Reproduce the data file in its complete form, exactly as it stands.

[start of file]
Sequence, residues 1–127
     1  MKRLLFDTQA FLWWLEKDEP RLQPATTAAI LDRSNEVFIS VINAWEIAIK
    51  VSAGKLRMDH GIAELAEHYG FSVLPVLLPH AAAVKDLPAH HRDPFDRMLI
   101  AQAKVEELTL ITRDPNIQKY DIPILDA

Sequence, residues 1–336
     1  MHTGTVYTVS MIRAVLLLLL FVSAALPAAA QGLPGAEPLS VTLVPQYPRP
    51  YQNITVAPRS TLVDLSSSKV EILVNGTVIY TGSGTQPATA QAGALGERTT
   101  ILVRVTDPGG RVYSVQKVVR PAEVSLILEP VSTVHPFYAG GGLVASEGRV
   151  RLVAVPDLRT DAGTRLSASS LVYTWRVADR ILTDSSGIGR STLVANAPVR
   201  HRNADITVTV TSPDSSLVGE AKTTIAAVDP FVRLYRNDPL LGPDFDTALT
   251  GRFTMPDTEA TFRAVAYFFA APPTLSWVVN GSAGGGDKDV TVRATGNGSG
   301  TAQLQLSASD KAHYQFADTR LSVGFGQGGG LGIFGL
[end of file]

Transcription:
Sequence, residues 1–127
     1  MKRLLFDTQA FLWWLEKDEP RLQPATTAAI LDRSNEVFIS VINAWEIAIK
    51  VSAGKLRMDH GIAELAEHYG FSVLPVLLPH AAAVKDLPAH HRDPFDRMLI
   101  AQAKVEELTL ITRDPNIQKY DIPILDA

Sequence, residues 1–336
     1  MHTGTVYTVS MIRAVLLLLL FVSAALPAAA QGLPGAEPLS VTLVPQYPRP
    51  YQNITVAPRS TLVDLSSSKV EILVNGTVIY TGSGTQPATA QAGALGERTT
   101  ILVRVTDPGG RVYSVQKVVR PAEVSLILEP VSTVHPFYAG GGLVASEGRV
   151  RLVAVPDLRT DAGTRLSASS LVYTWRVADR ILTDSSGIGR STLVANAPVR
   201  HRNADITVTV TSPDSSLVGE AKTTIAAVDP FVRLYRNDPL LGPDFDTALT
   251  GRFTMPDTEA TFRAVAYFFA APPTLSWVVN GSAGGGDKDV TVRATGNGSG
   301  TAQLQLSASD KAHYQFADTR LSVGFGQGGG LGIFGL